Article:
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Brond by Frederic Lindsay

Polygon, 2007, 220 p. First published 1984. One of the 100 best Scottish Books.

 Brond cover

Glasgow University student Richard sees a man throw a boy off a bridge into the River Kelvin but at first thinks he must have imagined it. Through the medium of fellow student Margaret Briody, whom he fancies and who asks him to deliver a package for her, it is not long before he is drawn into a complex situation involving IRA sleepers, multiple murder and the machinations of agents of the state against Scottish independence activists (though this last does not become clear until quite late on in the book.) Chief of those agents is the mysterious Brond of the title, whose baleful presence pervades the novel.

Before settling into the more or less standard thriller mode, though with the odd philosophical aside, the narrative has a tendency to be slightly overwritten, as if Lindsay is trying too hard, though there are some fine touches. (Of the noise-propagating acoustics of the University of Glasgow’s Reading Room Robert says, “It was such a drawback in a library I was sure the architect must have won a clutch of awards.”)

The politics of the plot are mostly relegated to the background. One character describes Scotland as a valuable piece of real estate, another opines, “here in Scotland we have this difficulty finding our voice.” One English girl questions Robert, “‘What do you mean “accent”?’” before adding, “‘I don’t talk like a Cockney… I talk like ordinary people who sound as if they don’t come from anywhere.’” One of the spooks speaks of the necessity “‘to forestall … the risk, however remote, of the natives here getting restless.’”

In my view there are too many thriller/crime novels on that “100 Best” list. Brond is yet another. I can see, because of the background politics, why some people might regard it as a significant Scottish novel but it doesn’t, to my mind, really address the nature of Scottishness, or go much beyond “the state acts in its own interests” trope though it incidentally reflects attitudes of some English people to their neighbours.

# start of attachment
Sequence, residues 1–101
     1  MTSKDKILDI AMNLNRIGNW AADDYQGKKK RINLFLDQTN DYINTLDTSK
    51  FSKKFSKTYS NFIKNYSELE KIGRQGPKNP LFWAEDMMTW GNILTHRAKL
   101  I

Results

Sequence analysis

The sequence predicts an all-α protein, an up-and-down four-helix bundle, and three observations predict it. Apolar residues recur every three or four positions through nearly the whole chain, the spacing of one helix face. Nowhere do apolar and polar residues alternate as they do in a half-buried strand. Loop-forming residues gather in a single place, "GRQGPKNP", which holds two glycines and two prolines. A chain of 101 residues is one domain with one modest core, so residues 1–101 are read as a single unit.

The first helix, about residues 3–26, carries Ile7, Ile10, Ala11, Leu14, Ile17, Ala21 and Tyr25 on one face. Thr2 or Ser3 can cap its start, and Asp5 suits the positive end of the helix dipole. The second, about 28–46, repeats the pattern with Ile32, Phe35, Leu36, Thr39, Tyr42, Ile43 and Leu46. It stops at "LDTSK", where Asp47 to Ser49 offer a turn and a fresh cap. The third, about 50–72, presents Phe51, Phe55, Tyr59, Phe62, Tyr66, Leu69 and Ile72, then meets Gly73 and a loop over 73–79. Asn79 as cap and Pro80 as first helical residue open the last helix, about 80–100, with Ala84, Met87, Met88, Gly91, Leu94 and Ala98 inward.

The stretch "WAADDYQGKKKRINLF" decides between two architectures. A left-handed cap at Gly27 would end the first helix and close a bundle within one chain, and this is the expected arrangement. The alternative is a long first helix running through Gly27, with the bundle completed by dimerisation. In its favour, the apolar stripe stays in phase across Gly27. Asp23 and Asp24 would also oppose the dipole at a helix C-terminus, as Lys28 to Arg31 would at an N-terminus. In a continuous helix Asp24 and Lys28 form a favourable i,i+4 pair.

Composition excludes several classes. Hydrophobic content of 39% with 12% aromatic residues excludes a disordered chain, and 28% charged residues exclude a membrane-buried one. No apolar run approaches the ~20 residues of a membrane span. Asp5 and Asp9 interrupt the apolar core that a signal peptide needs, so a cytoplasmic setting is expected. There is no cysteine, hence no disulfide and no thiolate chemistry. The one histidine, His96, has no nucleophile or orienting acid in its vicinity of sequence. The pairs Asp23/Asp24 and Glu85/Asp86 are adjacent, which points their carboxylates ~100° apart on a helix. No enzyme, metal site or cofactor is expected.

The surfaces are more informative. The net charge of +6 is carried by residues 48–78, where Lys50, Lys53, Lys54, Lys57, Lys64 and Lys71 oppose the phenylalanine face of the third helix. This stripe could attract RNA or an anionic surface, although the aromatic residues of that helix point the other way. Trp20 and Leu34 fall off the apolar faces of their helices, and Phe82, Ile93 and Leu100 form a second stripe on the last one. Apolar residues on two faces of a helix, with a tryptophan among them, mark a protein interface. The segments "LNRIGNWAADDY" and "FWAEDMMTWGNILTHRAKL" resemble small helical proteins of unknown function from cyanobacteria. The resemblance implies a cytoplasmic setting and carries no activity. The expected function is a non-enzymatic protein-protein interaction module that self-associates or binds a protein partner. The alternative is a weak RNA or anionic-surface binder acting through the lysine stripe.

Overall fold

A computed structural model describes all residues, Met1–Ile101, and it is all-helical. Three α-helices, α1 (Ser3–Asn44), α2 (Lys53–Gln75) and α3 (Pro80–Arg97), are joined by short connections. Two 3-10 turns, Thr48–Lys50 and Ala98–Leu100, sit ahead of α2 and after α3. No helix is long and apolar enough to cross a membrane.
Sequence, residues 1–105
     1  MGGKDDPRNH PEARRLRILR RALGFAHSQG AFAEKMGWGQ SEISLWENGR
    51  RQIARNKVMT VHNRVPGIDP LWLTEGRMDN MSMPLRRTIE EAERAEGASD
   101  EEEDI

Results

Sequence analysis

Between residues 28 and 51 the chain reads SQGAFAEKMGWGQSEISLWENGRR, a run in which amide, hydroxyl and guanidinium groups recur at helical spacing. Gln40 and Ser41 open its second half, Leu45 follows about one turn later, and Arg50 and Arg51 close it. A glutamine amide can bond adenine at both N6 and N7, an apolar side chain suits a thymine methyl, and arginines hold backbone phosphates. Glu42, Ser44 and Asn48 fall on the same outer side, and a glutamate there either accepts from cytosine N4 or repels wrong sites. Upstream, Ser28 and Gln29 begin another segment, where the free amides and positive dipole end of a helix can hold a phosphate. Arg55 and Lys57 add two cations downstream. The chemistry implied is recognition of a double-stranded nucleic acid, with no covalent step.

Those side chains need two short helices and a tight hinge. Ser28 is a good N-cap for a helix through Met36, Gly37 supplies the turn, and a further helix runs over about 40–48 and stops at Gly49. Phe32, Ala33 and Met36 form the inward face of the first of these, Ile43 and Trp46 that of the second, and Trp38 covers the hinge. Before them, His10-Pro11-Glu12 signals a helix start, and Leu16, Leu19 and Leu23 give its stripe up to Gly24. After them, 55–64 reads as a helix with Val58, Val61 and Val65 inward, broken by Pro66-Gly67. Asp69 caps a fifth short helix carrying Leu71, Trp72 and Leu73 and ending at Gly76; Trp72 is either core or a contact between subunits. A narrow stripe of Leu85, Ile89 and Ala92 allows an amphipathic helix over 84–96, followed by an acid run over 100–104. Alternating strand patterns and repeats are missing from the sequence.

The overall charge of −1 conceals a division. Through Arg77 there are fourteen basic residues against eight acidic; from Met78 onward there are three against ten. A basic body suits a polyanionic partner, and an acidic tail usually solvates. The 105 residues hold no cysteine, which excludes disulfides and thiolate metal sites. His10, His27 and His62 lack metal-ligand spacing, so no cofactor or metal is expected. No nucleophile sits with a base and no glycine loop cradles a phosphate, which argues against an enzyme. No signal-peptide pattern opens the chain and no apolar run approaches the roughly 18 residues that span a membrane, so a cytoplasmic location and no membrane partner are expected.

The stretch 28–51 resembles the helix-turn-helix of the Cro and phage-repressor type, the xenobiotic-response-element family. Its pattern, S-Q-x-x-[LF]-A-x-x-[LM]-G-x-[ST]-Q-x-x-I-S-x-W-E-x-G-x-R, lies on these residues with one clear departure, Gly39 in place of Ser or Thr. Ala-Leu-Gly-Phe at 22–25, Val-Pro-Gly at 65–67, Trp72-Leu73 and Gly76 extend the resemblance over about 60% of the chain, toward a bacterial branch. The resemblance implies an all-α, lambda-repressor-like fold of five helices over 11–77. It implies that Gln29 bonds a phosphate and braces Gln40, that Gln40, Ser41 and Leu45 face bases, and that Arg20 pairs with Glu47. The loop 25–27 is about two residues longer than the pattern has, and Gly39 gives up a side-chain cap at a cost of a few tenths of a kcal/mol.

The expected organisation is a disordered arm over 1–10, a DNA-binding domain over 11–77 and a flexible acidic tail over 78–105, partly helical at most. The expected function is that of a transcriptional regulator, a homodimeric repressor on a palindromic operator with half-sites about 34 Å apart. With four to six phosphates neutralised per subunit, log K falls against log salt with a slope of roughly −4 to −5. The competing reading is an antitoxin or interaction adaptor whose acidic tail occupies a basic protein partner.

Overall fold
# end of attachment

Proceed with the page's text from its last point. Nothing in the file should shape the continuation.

It does, however, all pass easily enough but I was never able to suspend my disbelief to the required degree.

Pedant’s corner:- like lightening (lightning,) sulphur lamps (they did give off a yellowish light but they were sodium lamps,) the Barrows (always known as the Barras, never the Barrows. Its name above its gates even says ‘the Barras’,) contigent (contingent,) a missing comma before a piece of direct speech, comitments (commitments.)

King Rat by China Miéville

Pan, 1999. 421p

King Rat cover

Saul Garamond is arrested when his father is found dead having fallen, jumped or been pushed, through a window of their house. Saul is sprung from custody by a mysterious figure who calls himself King Rat and asserts that Saul’s mother was a Rat. King Rat is able to move freely between the London which Saul knows and the unnoticed spaces which constitute a hidden Rat city. Under his tutelage Saul becomes rat-like too but King Rat, of course, is not quite what he seems. In this netherworld Saul also meets the Bird Superior, Loplop, and Anansi, head of the spiders. Meanwhile Saul’s friend Natasha, a creator/DJ of Drum and Bass, is befriended by a mysterious flute player called Pete and Police Inspector Crowley is increasingly puzzled by the spate of bizarre and bloody murders occurring on his patch.

The other city conceit seems to be one of Miéville’s running themes; it also occurs in Un Lun Dun and THE CITY & YTIC EHT though of course this would be its first appearance. (King Rat is the last in my attempt to catch up with Miéville’s oeuvre apart from his latest Kraken.) This one is very London-centric though, which annoyed me strangely.

The language of the novel is simple; even a little sketchy at times. In this it has pre-echoes of Un Lun Dun. Indeed, were it not for the violence and the expletives this could well have been a tale for young adults.

Though the plot strands do cohere and music is integral to its resolution, at times the novel appears diffuse, as if it does not know whether to be a fantasy, a musical odyssey or a police procedural – though it has embedded within it a nice retelling of the Pied Piper of Hamelin story told from the rats’ point of view. Miéville also takes the opportunity to throw in a minor bit of political consciousness raising.

Had I read this on first publication I could certainly have foreseen an Un Lun Dun – though perhaps not a Perdido Street Station.

But: One of the characters seems to be under the impression that layered music never existed before Drum and Bass. Come off it.

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